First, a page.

A review by Leanne Robinson for EXTRA! EXTRA!


The Watcher



by Jeremy Paul

Directed by Roger Martin

Waterloo East Theatre

23 March – 23 April 2011


A stimulating voyage of psychological discovery, suspense and drama, The Watcher achieves a deliciously uneasy relationship between actor and audience. Combined with the eager anticipation of being both challenged and entertained, Jeremy Paul’s thriller does not disappoint. Intelligent dialogue and subtle shifts of theatrical temperament guide you through a gambit of emotion, forcing the examination of self, strength of character and the ability, whether consciously or subconsciously, to manipulate and deceive one another through the perilous power of sexual intrigue and gender, from simmering flirtation, to something more extreme.

Sonia, an attractive woman in her thirties, is discovered sunbathing alone by a solitary man, Kevin. Masterful direction by Roger Martin guides us through the sinister meeting of minds that ensues, as the strangers observe each other and reveal uncomfortable truths about their circumstances and how they have come to meet. Fate, or are there ulterior motives at work? The course of a day is displayed in two scenes, each forty-five minutes in length, with the audience cleverly made aware through subtle changes of costume, the adding of a cardigan or jumper, that the day is ending.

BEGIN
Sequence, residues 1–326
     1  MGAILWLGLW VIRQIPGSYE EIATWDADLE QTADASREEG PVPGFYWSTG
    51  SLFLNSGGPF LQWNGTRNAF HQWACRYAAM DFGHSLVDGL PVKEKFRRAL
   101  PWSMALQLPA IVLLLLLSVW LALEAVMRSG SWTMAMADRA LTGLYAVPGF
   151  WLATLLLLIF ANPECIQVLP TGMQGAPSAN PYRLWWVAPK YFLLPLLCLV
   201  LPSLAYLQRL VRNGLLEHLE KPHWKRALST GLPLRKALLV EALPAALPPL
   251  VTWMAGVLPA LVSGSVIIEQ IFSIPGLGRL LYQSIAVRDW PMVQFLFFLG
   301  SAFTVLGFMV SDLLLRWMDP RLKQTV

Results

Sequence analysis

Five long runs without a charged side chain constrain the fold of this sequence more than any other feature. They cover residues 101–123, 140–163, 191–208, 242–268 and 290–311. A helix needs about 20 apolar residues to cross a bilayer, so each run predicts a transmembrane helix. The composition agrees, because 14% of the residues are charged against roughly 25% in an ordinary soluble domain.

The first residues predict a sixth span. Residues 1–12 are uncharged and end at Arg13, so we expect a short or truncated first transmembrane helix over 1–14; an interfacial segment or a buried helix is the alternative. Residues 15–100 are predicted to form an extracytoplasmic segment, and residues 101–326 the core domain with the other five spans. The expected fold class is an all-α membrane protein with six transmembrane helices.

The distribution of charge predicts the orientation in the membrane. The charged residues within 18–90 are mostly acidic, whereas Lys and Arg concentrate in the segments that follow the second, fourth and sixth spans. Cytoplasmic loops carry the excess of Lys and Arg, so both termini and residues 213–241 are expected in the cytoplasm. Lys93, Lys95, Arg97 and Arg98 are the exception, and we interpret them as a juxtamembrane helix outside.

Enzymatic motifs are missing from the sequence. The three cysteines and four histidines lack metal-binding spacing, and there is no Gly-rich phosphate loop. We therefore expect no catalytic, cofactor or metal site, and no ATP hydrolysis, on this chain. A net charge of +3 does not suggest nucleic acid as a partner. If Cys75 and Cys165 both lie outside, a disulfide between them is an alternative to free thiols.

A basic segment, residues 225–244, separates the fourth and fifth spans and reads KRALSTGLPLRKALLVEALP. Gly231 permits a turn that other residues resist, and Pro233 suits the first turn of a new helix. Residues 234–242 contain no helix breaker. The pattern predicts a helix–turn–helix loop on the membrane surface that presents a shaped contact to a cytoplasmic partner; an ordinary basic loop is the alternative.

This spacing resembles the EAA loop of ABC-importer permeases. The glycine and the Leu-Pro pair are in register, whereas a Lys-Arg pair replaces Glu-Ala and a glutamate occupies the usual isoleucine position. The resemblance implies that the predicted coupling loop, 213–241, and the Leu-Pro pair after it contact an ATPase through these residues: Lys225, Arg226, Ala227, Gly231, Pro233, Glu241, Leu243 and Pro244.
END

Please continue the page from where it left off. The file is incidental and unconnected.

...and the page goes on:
Actors Sarah Manners (who has stepped in to replace Donna Air due to injury) and Jon Shaw excel in enticing us into their respective worlds, so unexpectedly intertwined, so we have little choice but to become voyeurs ourselves, transfixed observers of the battle of wits and sexual politics divulging itself upon the stage. Discerning design of set further establishes the sense that we are witnessing a forbidden event. The warm, summer park is draped in black cloth. Who knows who might be watching in secret, within the dark folds? A camera, integral to the plot and used by both characters, has occasion to turn its’ all-seeing eye upon the audience. We must take a look at ourselves. Seemingly safe within the confines of the theatre, our vulnerability is displayed before us, bringing to question the everyday risks that we subject ourselves to. Can we truly know anybody well enough to trust them implicitly with so precious a commodity as our lives?

Thrilling also is the atmosphere of sitting in one’s own inner sanctum, in fact, happily situated underneath an unused railway arch. Waterloo East Theatre which opened on 2nd of September 2010, spanned six months from discovery, through to construction and completion. Brainchild of producer Gerald Armin, the first season has been witness to sell-out performances, with The Watcher very successfully opening the second season. Intimate, secluded and welcoming, the space creates an air of exclusivity while the sound of rumbling trains beautifully adds to the atmosphere, a distant thunder threatening to storm. The noise penetrates the walls and makes the spine tingle.

Although the finale of the play appears definite and resolute, an unending barrage of questions linger upon the mind long after the performance has ended, so we are left to dwell over and discuss what has just passed. Intelligent, engrossing and thought provoking, seething with twists, turns and intrigues, only one-question remains…Who is the fisherman?

BOX OFFICE: 02079280060

Tickets £15/£12 Concessions
Tuesday to Saturday 7.30pm
Saturday matinee 4.00pm



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